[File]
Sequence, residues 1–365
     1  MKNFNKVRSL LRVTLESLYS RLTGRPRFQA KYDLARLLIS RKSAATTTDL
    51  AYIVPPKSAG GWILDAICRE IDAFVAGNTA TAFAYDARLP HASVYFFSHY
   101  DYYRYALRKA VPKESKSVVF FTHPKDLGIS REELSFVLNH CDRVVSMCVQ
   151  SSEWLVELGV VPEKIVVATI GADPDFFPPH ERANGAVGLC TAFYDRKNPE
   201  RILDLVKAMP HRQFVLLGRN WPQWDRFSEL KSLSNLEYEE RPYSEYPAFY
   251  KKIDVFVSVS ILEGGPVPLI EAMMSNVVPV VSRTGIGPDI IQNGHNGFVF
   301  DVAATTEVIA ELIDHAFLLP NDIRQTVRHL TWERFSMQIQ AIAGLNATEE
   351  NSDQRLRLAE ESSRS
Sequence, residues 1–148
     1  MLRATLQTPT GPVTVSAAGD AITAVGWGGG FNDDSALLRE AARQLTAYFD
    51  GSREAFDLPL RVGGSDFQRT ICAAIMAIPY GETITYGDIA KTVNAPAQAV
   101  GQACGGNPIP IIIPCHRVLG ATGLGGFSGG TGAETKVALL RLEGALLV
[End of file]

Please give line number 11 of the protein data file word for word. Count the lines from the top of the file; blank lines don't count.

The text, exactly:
     1  MLRATLQTPT GPVTVSAAGD AITAVGWGGG FNDDSALLRE AARQLTAYFD